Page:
PhilHealth will cover some eye care, for instance, cataract surgery, for up to ₱16,000 (just over US$300) per eye. 70% of the eye operations carried out in the country relate to cataract surgery.

Due in part to the high rate of diabetes among Filipinos, which can lead to eye problems, optical care is projected to form a big part of the medical market in the 2020s. For eye tests and spectacles, you are likely to need to seek treatment in the private sector. PhilHealth will no longer cover treatments such as LASIK.

How to register with an optometrist in the Philippines

When searching for an optometrist in the Philippines, it is a good idea to ask friends and colleagues for recommendations, or to use the net to shop around. You should also be able to obtain a list of practitioners from the Philippine Academy of Ophthalmology (PAO), which is a non-profit, non-stock, SEC-registered corporation made up of licensed and accredited ophthalmologists who practice in the Philippines. This is composed of eleven chapter societies spanning the entire country, from Northern Luzon to Southern Mindanao, and nine subspecialty societies, focusing on different forms of optical care, such as cataract and refractive surgery.

Expats report that brand name frames can be more expensive in the Philippines than in the USA, but that lenses are on the whole cheaper. Some people buy their frames in their home country, and then have the lenses fitted in the Philippines.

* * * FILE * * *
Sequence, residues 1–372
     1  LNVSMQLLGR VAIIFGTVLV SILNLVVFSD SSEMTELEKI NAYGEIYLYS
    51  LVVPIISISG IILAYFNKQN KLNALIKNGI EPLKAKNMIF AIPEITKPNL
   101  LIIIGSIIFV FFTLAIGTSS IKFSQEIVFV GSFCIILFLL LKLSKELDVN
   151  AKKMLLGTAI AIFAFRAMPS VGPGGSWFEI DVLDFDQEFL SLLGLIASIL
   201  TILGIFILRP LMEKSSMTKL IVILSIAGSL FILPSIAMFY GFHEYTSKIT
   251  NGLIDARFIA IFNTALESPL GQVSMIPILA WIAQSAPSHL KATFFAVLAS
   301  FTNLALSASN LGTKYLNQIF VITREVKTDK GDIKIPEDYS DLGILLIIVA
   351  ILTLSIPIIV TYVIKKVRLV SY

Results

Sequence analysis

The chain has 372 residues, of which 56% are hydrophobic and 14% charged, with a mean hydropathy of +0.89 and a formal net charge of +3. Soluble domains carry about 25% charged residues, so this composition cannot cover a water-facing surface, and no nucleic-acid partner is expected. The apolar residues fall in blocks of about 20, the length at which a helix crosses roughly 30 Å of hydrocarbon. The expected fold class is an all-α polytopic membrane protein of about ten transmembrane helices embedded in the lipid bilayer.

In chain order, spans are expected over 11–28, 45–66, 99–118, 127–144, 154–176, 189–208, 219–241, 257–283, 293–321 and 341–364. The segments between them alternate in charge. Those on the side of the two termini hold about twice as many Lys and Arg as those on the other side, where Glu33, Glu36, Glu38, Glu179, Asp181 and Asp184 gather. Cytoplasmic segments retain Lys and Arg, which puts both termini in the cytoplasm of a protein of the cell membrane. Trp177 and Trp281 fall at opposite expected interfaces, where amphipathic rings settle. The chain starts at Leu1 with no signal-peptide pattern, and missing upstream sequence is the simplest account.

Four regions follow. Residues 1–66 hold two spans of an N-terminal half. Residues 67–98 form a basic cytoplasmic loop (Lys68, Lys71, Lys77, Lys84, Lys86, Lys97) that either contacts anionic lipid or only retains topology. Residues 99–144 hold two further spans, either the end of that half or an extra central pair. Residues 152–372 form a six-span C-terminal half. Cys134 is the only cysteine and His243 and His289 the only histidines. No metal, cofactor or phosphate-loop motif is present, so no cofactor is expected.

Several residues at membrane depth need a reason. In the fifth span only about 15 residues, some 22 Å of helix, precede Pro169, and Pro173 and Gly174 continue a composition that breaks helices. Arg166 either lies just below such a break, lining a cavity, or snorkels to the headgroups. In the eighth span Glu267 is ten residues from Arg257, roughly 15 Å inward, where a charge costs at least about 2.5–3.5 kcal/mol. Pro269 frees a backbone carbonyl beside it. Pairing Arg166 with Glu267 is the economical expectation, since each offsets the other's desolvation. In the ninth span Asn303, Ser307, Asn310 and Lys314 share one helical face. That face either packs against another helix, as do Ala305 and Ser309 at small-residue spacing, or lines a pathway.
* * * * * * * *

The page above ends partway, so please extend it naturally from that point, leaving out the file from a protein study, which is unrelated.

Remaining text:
However, if you do need a new pair of glasses, you will find plenty of choice, as the Philippines has a number of optometrists and optical chains. It is easy to get tested, and most optical care outlets should be able to make up glasses to your prescription within a week or so. Contact lenses are quoted as being around $50 for a 30-day box, though prices will depend on the type of lens and your prescription.

You should also be able to obtain a list of practitioners from the Philippine Academy of Ophthalmology (PAO).

Accessing private eye treatment

The medical tourism market in the Philippines is continuing to expand, and treatments such as corrective eye surgeries are commonplace. Clinics, such as Shinagawa and the Asian Eye Institute, conduct corrective operations on many overseas patients each year. LASIK prices vary from ₱65,000 (US$1270) to ₱140,000 (US$2738) per eye, depending on the kind of technology used and the form of treatment. Clinics will be able to give you precise quotations.

Some clinics will charge you for an initial consultation, but then waive the fee if you are eligible for treatment. Do not be afraid to ask for testimonials and to check accreditation and licensing – your sight is extremely important, and the cheapest option is not always the best one. Some clinics provide warranties, for up to five years.

Note that you may need to have follow-up checks, and it may not be possible for you to have these in the Philippines, so if you are travelling to the area as an optical tourist and are not a resident, you may wish to consult your ophthalmologist in your home nation.